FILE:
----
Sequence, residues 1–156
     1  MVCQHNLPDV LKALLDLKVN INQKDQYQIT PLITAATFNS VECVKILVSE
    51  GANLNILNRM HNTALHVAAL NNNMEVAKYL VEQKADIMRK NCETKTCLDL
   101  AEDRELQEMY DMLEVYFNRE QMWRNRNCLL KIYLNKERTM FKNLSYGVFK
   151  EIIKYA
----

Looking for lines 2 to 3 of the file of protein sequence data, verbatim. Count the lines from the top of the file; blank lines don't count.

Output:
     1  MVCQHNLPDV LKALLDLKVN INQKDQYQIT PLITAATFNS VECVKILVSE
    51  GANLNILNRM HNTALHVAAL NNNMEVAKYL VEQKADIMRK NCETKTCLDL